- Voltage: 127v and 220v
- Power plug type: N (two pins and a grounding pin)
- Dialing code: +55
- Time zones: Fernando de Noronha (GMT-2), Brasilia (GMT-3), Amazon (GMT-4), and Acre (GMT-5)
Brazil travel guide for visa and entry requirements
Brazil has a reciprocity agreement with most countries around the world when it comes to visa requirements, meaning if your country asks a visa from our citizens, Brazil asks a visa from your citizens.
However, in 2019 Brazil waived the visa requirement for four countries expecting to increase Brazil tourism: Australia, Canada, Japan, and the US. So citizens of these countries only need their passports to travel to Brazil.
Namely, Brazil has three categories of entry requirements:
- Citizens that need a visa
- Visa-free citizens who only need a passport
- Visa-free citizens who only need an ID (Most of the South American countries except for French Guiana, Guyana, and Suriname.)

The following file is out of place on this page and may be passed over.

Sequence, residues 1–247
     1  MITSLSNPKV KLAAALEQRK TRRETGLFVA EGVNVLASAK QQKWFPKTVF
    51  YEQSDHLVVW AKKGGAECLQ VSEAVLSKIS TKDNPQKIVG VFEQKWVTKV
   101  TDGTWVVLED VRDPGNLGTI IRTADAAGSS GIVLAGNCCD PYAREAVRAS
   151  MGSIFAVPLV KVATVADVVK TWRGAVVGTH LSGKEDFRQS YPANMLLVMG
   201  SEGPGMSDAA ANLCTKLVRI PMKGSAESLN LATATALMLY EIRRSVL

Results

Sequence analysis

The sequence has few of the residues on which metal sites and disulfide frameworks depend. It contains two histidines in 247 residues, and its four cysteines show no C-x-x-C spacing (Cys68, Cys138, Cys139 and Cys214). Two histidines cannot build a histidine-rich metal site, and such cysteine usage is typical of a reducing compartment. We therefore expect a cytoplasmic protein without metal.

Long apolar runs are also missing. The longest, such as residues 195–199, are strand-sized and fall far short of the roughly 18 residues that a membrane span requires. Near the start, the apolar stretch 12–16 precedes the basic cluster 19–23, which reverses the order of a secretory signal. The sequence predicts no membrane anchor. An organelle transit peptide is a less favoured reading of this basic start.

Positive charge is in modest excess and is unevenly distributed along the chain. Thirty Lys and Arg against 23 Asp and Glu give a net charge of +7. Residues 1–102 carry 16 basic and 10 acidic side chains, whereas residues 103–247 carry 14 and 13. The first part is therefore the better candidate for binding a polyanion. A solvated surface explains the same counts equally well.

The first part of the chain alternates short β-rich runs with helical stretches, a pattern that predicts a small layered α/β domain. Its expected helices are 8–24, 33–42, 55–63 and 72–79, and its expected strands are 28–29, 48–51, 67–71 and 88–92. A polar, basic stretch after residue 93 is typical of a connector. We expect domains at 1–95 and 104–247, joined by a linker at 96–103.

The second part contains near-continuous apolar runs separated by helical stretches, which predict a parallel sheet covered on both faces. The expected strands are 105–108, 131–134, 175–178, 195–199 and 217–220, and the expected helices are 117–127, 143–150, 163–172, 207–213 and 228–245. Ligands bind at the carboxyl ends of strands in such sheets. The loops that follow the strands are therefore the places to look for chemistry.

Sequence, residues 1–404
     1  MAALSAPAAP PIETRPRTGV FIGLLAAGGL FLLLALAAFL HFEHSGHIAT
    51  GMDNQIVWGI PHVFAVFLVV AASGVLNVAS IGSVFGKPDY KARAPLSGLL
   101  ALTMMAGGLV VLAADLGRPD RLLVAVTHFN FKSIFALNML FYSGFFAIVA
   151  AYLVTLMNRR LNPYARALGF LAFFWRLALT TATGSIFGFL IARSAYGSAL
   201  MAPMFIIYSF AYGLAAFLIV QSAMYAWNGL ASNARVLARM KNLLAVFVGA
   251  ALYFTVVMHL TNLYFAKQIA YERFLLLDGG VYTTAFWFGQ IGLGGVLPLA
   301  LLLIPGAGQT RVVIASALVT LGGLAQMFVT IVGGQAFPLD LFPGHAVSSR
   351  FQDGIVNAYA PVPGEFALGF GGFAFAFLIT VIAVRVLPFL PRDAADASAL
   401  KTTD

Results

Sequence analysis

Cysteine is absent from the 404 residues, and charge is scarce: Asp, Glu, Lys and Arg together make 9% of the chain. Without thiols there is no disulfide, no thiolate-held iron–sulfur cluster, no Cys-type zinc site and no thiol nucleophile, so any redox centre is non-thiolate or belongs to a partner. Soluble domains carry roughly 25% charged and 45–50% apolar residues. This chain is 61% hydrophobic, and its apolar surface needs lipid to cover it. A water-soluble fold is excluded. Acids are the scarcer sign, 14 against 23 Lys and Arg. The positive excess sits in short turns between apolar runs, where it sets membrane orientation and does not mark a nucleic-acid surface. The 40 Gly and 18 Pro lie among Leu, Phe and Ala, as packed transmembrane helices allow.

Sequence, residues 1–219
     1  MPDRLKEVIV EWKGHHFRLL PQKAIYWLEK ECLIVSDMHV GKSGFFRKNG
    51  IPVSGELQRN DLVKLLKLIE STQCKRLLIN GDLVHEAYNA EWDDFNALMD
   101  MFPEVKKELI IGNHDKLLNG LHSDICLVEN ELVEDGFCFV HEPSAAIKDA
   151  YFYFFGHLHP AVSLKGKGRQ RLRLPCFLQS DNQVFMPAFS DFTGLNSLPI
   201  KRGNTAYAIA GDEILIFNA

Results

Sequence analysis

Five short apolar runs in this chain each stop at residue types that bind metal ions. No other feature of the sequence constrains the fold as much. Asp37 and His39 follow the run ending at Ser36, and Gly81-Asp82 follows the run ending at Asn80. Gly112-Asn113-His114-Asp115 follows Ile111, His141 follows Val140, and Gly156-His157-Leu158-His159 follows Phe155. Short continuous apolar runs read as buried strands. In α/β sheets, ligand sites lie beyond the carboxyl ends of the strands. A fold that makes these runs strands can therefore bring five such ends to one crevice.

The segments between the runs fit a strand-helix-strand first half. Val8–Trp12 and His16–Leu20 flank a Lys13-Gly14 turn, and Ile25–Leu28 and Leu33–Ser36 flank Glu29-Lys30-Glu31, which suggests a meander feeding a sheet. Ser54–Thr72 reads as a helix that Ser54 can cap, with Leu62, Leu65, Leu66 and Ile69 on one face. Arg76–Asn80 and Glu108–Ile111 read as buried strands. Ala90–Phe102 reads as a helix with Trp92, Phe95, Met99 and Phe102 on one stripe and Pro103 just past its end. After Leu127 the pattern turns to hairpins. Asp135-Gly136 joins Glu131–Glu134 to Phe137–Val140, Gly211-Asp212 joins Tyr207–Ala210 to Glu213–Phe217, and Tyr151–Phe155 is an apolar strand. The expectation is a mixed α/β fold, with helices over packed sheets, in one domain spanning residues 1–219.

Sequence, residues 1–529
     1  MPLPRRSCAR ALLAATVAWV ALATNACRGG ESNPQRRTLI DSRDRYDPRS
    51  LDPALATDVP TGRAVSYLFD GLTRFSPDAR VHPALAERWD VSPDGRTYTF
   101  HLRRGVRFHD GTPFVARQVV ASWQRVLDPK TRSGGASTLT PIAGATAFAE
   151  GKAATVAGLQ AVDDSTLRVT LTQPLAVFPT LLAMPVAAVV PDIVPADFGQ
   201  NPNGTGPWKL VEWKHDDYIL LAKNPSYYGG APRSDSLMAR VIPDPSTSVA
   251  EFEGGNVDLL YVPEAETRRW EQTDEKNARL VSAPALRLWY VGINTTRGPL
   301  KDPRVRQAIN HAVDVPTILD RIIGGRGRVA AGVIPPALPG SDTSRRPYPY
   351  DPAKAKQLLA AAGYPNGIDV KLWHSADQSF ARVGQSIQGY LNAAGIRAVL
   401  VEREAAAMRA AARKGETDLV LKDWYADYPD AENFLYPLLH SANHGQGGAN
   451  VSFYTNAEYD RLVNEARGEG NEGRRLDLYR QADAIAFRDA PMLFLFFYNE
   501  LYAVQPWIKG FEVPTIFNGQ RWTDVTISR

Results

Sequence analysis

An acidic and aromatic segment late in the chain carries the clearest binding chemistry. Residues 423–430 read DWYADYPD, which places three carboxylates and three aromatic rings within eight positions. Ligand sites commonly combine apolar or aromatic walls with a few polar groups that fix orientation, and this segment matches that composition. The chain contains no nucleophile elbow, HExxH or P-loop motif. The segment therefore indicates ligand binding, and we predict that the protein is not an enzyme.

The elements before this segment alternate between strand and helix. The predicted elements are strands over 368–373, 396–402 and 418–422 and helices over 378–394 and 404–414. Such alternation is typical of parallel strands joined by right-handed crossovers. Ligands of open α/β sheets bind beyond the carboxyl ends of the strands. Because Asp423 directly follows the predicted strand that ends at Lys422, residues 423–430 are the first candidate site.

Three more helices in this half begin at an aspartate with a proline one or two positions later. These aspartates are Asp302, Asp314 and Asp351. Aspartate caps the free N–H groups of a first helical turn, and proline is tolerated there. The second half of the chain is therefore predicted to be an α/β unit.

Brazil travel tips
Essentials for your Brazil trip
As a mostly tropical destination, traveling to Brazil will require a few essential items to ensure you stay healthy, connected, and safe.
Is Brazil safe for tourists?
The short answer: Yes.
The long answer: Although Brazil has many favelas and dangerous areas, these places aren’t on tourists routes. Meaning, be sensible, use common knowledge, and avoid the things I’ll mention below.
Look, by ignoring this advice you’ll just become an easy target for scammers. Show them you’re not that.
Things to avoid in Brazil:
- Waiving your mobile/camera around
- Wearing expensive watches/jewelry/sunglasses/purses
- Taking taxis when you don’t know the way, choose Uber instead (Taxi scams are common worldwide.)
Further out, Brazil isn’t the war zone the 8 PM news portrays on television. Granted, violent crimes happen more often here than in Western Europe, but if you use common knowledge and take a few small precautions, you’re honestly good to go.
The probability that something will happen to you in Brazil is the same in most countries around the world.